Seller confidence declines for the sale of businesses

For the first time in the last 28 editions of  Pepperdine University’s “Market Pulse”, seller confidence has declined in 4 out of 5 price ranges. That means for business owners who want to sell, there are changing market conditions to consider and deal with.

 Craig Everett, PhD, director of Pepperdine University Private Capital Markets, says “This is a sign the market has peaked, and more people are expecting a correction in the year or two ahead.”

From the Market Pulse Report:

“The final sale price of businesses varied depending on its valuation according to the Q1 2019 Market Pulse Report. Lower middle market companies in the $5 million to $50 million range had the highest the final sale price at 101% of benchmark. On the other hand, small businesses valued under $500,000 had the biggest drop from their asking price with final sale prices going from 91% of the pre-set asking price in Q1 2017 to 85% in Q1 2019.”

Businesses with enterprise value of $5 million or more are most in demand right now. The market is not cooling at all for those sellers,” said Gary Papay, managing partner of IBG Business. “That’s reflected in supply-demand sentiment and multiples.

Read a summary of the report here.

 Sell now or wait?

For those sellers who are having an emotionally hard time letting go and whose business is valued at under $5 million, it is most likely go NOW or wait another five to seven years for the market to cycle back up to current conditions.

Unfortunately, Market Pulse goes on to report that for the lower quartile of the market, drivers (or lack there of) remain the same.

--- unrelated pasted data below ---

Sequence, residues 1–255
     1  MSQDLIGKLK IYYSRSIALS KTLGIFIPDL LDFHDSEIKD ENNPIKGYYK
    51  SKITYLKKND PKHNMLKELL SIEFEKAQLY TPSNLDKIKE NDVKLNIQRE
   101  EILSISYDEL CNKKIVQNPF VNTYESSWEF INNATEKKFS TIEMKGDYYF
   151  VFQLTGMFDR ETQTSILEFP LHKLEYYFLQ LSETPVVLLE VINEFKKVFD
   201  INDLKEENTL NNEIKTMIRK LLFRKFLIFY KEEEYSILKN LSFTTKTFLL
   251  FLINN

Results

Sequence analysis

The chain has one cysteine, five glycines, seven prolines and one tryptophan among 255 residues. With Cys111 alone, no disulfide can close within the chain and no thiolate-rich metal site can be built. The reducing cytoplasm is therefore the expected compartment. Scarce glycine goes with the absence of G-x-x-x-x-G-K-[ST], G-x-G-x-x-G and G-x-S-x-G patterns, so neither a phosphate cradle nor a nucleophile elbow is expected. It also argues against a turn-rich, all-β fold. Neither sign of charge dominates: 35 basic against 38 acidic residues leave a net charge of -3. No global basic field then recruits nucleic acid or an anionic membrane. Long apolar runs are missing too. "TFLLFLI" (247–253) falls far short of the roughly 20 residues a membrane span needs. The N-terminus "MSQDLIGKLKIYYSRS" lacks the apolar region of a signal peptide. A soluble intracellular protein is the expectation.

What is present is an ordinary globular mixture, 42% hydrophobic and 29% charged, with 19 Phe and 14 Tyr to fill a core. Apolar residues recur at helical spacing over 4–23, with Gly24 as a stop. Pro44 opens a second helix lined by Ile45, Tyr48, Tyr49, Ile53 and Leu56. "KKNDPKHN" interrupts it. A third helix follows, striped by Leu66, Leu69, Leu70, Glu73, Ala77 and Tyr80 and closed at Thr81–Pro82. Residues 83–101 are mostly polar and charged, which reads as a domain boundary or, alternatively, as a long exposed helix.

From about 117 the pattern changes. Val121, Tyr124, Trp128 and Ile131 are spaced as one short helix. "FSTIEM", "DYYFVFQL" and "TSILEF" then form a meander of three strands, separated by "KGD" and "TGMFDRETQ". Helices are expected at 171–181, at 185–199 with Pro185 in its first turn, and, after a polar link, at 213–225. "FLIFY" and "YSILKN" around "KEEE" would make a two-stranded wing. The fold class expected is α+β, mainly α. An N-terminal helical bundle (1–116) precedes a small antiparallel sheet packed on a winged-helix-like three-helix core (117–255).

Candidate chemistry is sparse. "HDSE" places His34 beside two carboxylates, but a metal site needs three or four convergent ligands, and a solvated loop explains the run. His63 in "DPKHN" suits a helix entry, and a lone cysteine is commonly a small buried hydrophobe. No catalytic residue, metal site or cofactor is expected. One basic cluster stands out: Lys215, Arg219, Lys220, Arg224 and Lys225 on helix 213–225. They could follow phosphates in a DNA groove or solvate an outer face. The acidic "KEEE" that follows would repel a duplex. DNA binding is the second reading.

Business Owners, by-in-large are still cursed with:

  • Unrealistic expectation of values

  • Declining sales trends (especially in bricks & mortar)

  • Dated business practices (technology)

  • Over reliance on the owners themselves

  • Significant customer concentration


At Strategic Succession, we’ve been addressing this for years. with business owners.  We see that many financial planning and  business advisors are not helping Business Owners adequately plan for the disposition of their largest asset.

About the Market Pulse Report

Market Pulse Report is published quarterly by the International Business Brokers Association (IBBA) and M&A Source with Pepperdine University Business School.  It compares conditions for businesses being sold on Main Street (values of $0-$2MM) to those being sold in the Lower Middle Market (values of $2MM-$50MM). The Q1 2019 survey was conducted April 11-15, 2019 and was completed by 292 business brokers and M&A advisors. This is the 28th edition of this quarterly report.

Want thoughts on your situation? Let’s talk.


John Robinson